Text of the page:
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Friday, November 28, 2014

Billy Gillispie has run off 15 players since taking over at Texas Tech, reportedly made player cry in pain

Texas Tech coach Billy Gillispie was released from the hospital last Thursday, where he spent six days after experiencing feelings that he thought were a heart attack or stroke. In the meantime, his coaching career could be crashing down around him.

Last week, word of Gillispie mistreating players surfaced as some said they were berated by the coach for their appearance and forced to practice long hours. Allegations have continued to surface from various players, coaches and staff at Texas Tech.

According to CBSSports.com, a total of 15 players have left the program since Gillispie took over in March of 2011. When you include coaches, trainers and other staff, the number increases to 30. The most recent person to bail on the Red Raiders was high-profile recruit Wannah Bail, whose departure was originally thought to have something to do with academics.

“It was because of Gillispie,” a source close to the program told CBSSports.com. “He couldn’t deal with him.”

Bail’s story is an example of one of the more minor issues players and employees have had with Gillispie. Former Indiana guard Tom Coverdale says he quit his job at Tyler Junior College when Gillispie offered him an assistant coaching position. When he arrived, he said he was informed that it was actually a strength position that paid about half of what he was promised. Several other coaches have claimed they were offered jobs only to have the offers pulled. Others say they took jobs and left because they had no idea what their role with the team was.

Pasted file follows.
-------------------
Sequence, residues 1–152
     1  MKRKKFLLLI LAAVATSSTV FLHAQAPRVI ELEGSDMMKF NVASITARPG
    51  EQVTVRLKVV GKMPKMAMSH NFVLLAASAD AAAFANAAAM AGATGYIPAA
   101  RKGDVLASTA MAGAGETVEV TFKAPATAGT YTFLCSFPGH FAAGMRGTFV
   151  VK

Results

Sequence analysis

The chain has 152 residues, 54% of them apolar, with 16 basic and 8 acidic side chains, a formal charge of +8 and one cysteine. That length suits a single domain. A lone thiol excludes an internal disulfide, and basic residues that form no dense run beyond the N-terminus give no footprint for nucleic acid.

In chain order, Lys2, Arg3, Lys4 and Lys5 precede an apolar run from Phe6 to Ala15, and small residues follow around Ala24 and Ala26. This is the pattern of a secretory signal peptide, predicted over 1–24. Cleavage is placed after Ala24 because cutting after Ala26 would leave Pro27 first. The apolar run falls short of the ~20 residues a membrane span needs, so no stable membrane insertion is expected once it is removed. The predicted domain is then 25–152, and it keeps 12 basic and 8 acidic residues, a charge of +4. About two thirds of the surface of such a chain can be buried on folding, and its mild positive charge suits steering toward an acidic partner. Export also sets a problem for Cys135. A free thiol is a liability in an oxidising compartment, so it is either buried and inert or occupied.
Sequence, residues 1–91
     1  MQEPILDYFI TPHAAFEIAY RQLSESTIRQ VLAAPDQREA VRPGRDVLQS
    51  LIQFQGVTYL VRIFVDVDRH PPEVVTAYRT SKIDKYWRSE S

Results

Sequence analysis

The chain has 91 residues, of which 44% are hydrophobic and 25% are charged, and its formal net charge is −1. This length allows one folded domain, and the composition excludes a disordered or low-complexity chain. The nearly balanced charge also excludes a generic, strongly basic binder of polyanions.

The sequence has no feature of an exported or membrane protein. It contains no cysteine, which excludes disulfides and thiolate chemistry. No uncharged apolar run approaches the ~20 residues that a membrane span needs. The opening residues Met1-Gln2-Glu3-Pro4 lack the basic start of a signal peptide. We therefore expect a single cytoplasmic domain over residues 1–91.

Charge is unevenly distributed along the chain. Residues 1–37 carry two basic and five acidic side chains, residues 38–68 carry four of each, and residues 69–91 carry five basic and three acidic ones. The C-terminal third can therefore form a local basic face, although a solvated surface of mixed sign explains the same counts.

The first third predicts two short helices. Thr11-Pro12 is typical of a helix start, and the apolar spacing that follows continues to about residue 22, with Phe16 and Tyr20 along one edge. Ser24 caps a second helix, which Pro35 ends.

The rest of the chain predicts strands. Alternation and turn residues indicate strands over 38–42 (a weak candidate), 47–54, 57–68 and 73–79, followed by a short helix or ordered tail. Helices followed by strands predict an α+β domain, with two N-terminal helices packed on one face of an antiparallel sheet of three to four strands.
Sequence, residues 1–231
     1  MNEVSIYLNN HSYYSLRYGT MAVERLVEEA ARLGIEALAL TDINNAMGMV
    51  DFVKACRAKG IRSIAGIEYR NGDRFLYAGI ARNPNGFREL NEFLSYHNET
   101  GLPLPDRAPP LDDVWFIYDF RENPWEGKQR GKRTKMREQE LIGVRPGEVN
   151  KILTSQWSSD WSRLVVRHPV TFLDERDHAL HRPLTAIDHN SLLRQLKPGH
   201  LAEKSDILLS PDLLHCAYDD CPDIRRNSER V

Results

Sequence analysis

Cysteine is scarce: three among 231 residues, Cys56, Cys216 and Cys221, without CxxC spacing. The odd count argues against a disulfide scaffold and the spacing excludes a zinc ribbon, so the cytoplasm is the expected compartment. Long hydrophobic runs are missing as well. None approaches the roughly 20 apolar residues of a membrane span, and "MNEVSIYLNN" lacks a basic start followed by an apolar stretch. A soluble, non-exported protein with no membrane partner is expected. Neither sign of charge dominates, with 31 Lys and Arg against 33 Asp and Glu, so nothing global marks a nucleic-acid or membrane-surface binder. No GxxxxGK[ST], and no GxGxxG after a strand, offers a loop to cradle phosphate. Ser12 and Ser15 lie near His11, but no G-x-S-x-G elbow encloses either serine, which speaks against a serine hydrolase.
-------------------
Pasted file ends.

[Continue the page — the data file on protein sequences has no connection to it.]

In addition to reportedly holding practices for eight hours a day (four is the minimum allowed by the NCAA), Gillispie has also been accused of forcing players to practice through serious injuries. Former Red Raider Jaron Nash, who transferred to North Dakota after last year’s 8-23 season, said Gillispie forced a player to practice with stress fractures in both legs last year. An anonymous source who was with the program last season identified the player as Kader Tapsoba, who did not play in 2011 as he was dealing with the fractures.

“He was literally crying at practice,” the source said. “He couldn’t even run and Gillispie had him running up and down the steps at the arena. I remember the doctor getting the X-rays back and coming to practice and telling Gillispie it was really bad. He’d just ice him up and tell him to go practice.

“He shouldn’t have been practicing. But (Gillispie) bullied everyone, including the trainer. He’d make the trainer make kids come back. Bodies were dropping like flies. One day I walked in and the whole team was in the training room. All the players and even the managers. He’d make them practice.”

Another source said former star player Jordan Tolbert suffered a four-inch gash across his fingers while dunking during practice last season. After he had his hand bandaged, Gillispie reportedly made Tolbert dunk the ball every time he caught it during practice the following day.

Texas Tech athletic director Kirby Hocutt said on Tuesday that Gillispie has been told he is not to engage with the program “in any way” until the two have a face-to-face meeting to address the allegations. Gillispie is not currently making day-to-day decisions for the basketball program and is on an indefinite sick leave so he can focus on his health. At this point we’d be shocked if he was still the head men’s basketball coach at Texas Tech next season.



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